This would not only help the state boost its pro-business image, but also arrest flight of brokerage firms to places like Mumbai that offers voluminous trade opportunities, or Gujarat where brokers domiciled in the Gujarat International Finance Tec-City (Gift City) are reimbursed the duty.
If Bengal reinstates the cap — which was in place until a recent notification on levying the duty centrally and uniformly — it would help the state also attract stockbrokers from other parts of the country, helping boost its GST and duty proceeds, they said.
“In addition to retaining the cap on proprietary transactions, if Bengal decides to levy a cap of around Rs 3,000 per day on client trades too, it will prod foreign institutional investors to choose Bengal as their registered office,” said East India Securities director Vivek Agarwal.
“Since most of these FIIs have large volumes, the proposal will further increase Bengal’s collection of levies. Additionally, the visibility it brings to Bengal and employment opportunities it would create will be bonus points,” he added.
Stamp duty has always been a state subject. States used to levy and collect stamp duty by themselves or through agencies appointed by them. However, the February 2019 budget proposed that stamp duty on all security and commodity transactions across India be charged at a uniform rate and collected centrally by exchanges and depositories with effect from July 1, 2020. While this has been notified, there are provisions for states to set their own duty rates.
The new centralised levy has increased the liabilities of stockbrokers in states like Bengal, Haryana and Telangana by 20-35 times from July 1, 2020.
Under the new scheme, stamp duty liability for proprietary trades and client trades is Rs 1,500 per crore on delivery of shares and Rs 300 per crore if the transaction has been squared. According to the stock member’s association, “Bengal can continue with the central rates, subject to a cap of Rs 1,500 per member per day.”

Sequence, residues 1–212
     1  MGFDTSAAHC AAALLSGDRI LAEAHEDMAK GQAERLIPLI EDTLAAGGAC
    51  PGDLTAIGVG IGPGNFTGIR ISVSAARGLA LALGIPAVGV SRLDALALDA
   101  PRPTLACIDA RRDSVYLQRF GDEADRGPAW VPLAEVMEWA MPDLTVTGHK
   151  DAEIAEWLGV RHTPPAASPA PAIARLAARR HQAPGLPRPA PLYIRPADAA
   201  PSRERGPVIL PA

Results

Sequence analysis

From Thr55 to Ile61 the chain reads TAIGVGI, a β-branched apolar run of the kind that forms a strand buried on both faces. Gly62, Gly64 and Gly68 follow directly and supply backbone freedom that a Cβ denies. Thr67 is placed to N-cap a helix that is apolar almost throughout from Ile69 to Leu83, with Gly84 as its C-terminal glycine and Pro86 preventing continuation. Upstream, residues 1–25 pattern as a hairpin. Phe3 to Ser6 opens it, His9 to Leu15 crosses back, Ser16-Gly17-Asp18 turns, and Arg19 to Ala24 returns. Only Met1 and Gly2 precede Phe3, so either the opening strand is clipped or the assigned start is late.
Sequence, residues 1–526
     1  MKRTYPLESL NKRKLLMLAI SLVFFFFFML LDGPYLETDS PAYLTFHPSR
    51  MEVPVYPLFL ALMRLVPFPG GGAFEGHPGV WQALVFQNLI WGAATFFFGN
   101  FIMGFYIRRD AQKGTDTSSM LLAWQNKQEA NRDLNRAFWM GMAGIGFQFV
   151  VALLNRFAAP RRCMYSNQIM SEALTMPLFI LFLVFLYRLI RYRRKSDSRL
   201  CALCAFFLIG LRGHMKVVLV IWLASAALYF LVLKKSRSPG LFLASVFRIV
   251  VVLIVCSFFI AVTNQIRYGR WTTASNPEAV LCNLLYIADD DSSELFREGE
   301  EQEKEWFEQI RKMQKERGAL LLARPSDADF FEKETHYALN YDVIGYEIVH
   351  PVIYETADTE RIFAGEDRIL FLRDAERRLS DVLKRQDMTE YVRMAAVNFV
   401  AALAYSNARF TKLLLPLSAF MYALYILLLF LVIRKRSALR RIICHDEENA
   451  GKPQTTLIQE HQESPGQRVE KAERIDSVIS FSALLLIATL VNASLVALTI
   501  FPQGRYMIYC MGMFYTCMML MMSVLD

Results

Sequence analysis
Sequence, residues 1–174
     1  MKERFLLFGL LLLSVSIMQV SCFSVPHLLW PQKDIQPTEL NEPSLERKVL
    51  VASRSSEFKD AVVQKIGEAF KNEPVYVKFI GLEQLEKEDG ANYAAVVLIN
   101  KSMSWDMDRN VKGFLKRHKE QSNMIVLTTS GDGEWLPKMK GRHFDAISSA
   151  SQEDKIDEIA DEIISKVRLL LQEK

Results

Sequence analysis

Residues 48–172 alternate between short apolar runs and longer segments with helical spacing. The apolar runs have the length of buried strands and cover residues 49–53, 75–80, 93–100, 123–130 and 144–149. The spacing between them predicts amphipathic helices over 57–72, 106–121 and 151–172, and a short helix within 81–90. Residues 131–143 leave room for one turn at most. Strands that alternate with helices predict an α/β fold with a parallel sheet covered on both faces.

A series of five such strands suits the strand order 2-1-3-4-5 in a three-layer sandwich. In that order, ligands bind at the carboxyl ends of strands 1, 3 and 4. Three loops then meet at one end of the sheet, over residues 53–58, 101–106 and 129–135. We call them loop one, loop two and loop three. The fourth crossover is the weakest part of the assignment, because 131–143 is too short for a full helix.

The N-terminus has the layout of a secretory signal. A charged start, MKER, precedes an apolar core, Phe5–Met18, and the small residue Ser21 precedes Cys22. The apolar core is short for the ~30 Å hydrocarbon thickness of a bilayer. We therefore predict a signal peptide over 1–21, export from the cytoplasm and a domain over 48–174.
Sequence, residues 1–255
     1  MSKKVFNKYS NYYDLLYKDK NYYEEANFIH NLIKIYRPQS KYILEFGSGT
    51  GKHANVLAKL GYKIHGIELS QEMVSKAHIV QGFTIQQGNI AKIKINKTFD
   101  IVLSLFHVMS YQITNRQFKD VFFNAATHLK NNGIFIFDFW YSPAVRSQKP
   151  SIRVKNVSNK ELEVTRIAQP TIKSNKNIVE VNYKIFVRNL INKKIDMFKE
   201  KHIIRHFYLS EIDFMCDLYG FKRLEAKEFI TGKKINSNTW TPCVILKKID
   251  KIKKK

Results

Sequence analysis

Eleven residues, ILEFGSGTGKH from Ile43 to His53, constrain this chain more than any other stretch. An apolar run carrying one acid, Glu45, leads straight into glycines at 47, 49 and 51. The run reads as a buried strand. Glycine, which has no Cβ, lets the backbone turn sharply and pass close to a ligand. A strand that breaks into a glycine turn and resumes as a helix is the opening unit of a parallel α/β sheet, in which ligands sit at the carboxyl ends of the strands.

Having a centralised system operated by New Delhi puts West Bengal at a disadvantage as it becomes strait-jacketed and loses its flexibility to set rates and caps conducive to the state’s revenue inflows from levies.
Also, a majority of Bengal’s brokerage firms will find it difficult to relocate offices and their families to Mumbai or Gujarat as it would entail huge capital investment.
Setting up an office in the Gift City is not an easy task, Dayco Securities director Ashis Nundy said. “Apart from the cost one incurs to buy office space as per the guidelines laid by the Gujarat government, overhead expenses on hiring of trained manpower and setting up IT infrastructure, brokerage firms with high turnover alone can achieve break even,” Nundy said.
The Kolkata-based firm is one among three Bengal firms to have opened an office in the Gift City.
Broking community has appealed to the Inspectorate General of Stamps and Registration and the state’s finance, commerce & industries minister Amit Mitra to reinstate the earlier stamp duty cap of Rs 1,500 per entity per day in the central scheme so far as West Bengal is concerned.
According to Agarwal: “If our proposal gets accepted, members here would remain competitive vis-a-vis Gift City. If Gift City’s move does not disturb uniformity, Bengal’s step will not either.”